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Archive for August 15, 2013

TIP OF THE DAY: Sorbet Dessert Cocktails

Drinking your dessert is especially delightful on a warm summer night.

Start with a scoop of your favorite sorbet in a wine glass or stemmed dessert dish; top with sparkling wine and an optional garnish.

You can have a higher proportion of wine to sorbet, as in the photo at right—a glass of sparkling wine with a scoop of sorbet.

Or, take the other approach: A dish of sorbet with a sparkling wine pour-over, as in the photo below.

Either way, you’ve got something light and luscious, with no more effort than scooping sorbet and pouring Champagne. That’s a win-win in our book.

Beyond the simplicity of sparkling wine and sorbet, you can add a scoop of sorbet to a conventional cocktail:

  • Peach sorbet in a Bellini (Bellini Cocktail Recipe)
  • Orange sorbet in a Mimosa or grapefruit sorbet in a Grapefruit Mimosa (Grapefruit Mimosa Cocktail Recipe—substitute orange juice for the grapefruit juice in the recipe)
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    A glass of Prosecco with strawberry sorbet. Photo © Auremar | Fotolia.

     

    You can also add the sorbet to non-sparkling cocktails, for example:

  • Lemon or lime sorbet in a Margarita
  • Raspberry sorbet (cranberry, if you can find it) in a Cosmopolitan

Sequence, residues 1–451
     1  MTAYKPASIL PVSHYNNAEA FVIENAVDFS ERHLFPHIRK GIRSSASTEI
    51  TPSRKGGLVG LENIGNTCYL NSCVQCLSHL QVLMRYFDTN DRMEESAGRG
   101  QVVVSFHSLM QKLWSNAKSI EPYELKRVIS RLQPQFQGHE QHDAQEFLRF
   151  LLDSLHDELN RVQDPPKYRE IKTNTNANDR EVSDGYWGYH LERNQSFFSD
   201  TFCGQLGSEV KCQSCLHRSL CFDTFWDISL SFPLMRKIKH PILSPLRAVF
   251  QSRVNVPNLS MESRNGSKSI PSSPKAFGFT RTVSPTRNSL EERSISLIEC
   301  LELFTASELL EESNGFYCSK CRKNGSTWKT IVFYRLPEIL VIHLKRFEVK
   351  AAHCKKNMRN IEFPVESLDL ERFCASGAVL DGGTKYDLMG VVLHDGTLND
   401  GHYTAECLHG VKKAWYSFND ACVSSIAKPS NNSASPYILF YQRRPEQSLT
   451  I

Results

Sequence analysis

• Pineapple sorbet in a Piña Colada
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    Seek inspiration by looking at the flavors of sorbet in your market. Don’t be scared off by exotic flavors. One of our favorite creations is a French 77 (Champagne and St. Germain Elderflower Liqueur) with lychee sorbet that we found in an Asian market. (Elderflower tastes a lot like lychee.)

    And then, there’s the ice cream cocktail. Two of our favorites:

  • Coffee ice cream in a Black Russian or White Russian (recipe)
  • Godiva chocolate liqueur with chocolate and vanilla ice cream
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    Lemon sorbet with a Prosecco pour-over.
    Photo © Auremar | Fotolia.

     

    TYPES OF SPARKLING WINE

    Asti or Asti Spumante, from the Asti region of Italy, is a sweeter style of sparkler made from Muscat grapes. The sweetness is perfect for dessert pairings, and the lighter body and low alcohol content (about 8%) help.

    Cava, from Spain, is available in white or pink. As with Champagne, it is made in different levels of dryness/sweetness.

    Champagne, the world’s most famous and costliest sparkler, is produced in the Champagne region of France. Although even the least expensive bottles are pricey, you can find something in the $25 range. Unless you’re a rock star, don’t pour Dom Perignon into a sorbet cocktail: The sweet sorbet will overwhelm the complexity and finesse of a great Champagne.

    Cremant, from France, is a sparkler that can be produced in any region. It has lower effervescence than Champagne, giving it a creamy mouth feel.

     

    Espumate, from Portugal, is light-bodied and very affordable sparkling option ($6-$8).

    Prosecco is an Italian version of Asti (using the same production method), but it is dryer due to the grapes used. Light in body, it is available in lightly sparkling and fully sparkling varieties.

    Other sparklers, less frequently found in the U.S., include Methode Cap Classique from South Africa, Sekt from Germany, Sovetskoye Shampanskoye from Russia, Sparkling Shiraz from Australia and Trento Doc from Italy.

    When you’ve created your signature sorbet cocktail, please share the recipe with us!

      

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